Should Marital Infidelity Disqualify a Candidate from Office?

Observers weigh in on questions related to the 2012 election.

Discussion Starter: As the 2012 presidential race gathers steam, probes into candidates' personal histories have raised questions about how much a candidate's marital life should influence the decision of Christian voters.

"If a candidate lacks the moral fiber to honor such a profoundly meaningful vow to his own spouse, children, and extended family, what makes us think he or she has what it takes to keep the promises of their office? Such a person is demonstrating their untrustworthiness. Divorce, of course, can tragically happen to far too many marriages, for far too many serious reasons: abandonment and abuse, among them. A compassionate society must consider such circumstances carefully before automatically 'writing off' one who seeks public office. Key questions should be: 'Was this a person who did all they could to honor their marriage? If they have engaged in infidelity, have they demonstrated evidence of genuine remorse and repentance?' Extra-marital affairs never just happen. The adulterer always searches for a key, unlocks the door, and walks through it with forethought. Adulterers tend to be people driven more by their appetites than an appreciation for consequences. Votes for such people are ill-advised."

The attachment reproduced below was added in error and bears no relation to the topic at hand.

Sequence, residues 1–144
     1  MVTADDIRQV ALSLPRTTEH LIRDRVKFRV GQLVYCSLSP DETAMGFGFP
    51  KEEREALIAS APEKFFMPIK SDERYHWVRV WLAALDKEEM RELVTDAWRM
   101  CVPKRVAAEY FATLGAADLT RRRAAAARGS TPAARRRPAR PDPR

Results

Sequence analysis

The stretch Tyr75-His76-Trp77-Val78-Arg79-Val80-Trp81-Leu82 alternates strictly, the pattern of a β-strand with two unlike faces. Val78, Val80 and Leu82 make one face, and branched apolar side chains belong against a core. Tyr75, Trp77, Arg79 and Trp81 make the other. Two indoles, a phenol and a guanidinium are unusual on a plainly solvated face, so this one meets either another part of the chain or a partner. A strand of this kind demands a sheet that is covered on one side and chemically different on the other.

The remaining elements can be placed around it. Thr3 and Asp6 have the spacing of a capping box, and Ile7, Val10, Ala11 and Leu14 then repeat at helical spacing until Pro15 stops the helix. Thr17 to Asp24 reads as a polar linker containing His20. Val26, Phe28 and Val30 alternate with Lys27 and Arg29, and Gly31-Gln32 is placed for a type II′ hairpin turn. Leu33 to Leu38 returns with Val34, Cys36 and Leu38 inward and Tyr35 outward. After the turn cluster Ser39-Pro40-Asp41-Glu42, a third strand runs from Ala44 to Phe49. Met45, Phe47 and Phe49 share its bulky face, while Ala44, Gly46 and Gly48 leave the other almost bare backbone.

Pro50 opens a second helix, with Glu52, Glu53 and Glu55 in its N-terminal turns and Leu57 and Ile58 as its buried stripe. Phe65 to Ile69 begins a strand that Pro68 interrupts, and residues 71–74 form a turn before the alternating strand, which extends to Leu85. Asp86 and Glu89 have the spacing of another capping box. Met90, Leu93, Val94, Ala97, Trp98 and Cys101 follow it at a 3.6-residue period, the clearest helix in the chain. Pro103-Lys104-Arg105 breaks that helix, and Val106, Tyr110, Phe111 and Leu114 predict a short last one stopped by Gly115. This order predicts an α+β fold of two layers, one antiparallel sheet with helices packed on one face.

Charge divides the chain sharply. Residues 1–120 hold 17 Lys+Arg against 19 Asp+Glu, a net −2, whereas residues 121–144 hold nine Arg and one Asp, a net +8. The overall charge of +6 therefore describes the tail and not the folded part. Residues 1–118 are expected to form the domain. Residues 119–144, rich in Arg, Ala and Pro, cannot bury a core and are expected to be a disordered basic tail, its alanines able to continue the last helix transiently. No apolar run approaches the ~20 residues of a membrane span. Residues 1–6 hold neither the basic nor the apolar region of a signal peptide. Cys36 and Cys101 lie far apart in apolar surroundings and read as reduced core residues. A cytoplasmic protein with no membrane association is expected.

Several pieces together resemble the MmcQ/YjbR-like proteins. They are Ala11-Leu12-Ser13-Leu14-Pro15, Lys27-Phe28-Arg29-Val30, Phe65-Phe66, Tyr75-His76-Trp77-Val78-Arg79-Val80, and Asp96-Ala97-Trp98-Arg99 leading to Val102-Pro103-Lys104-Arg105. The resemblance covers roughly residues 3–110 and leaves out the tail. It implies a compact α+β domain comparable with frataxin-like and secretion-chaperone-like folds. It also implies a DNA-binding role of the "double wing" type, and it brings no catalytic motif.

"I don't think I can improve upon Harry Truman's statement that he would never knowingly hire a person that had cheated on their wife. When he was asked why, he said, 'You know, if a man will lie to his wife, he'll lie to me. And if he'll break his oath of marriage, he'll break his oath of office.' It's hard to argue with President Truman's logic. Can you trust a man who lies to his wife or breaks his marital oath? I don't think so. Public officers take an oath to uphold the Constitution, to uphold the law of ...

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Christianity Today
Should Marital Infidelity Disqualify a Candidate from Office?
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July 2011

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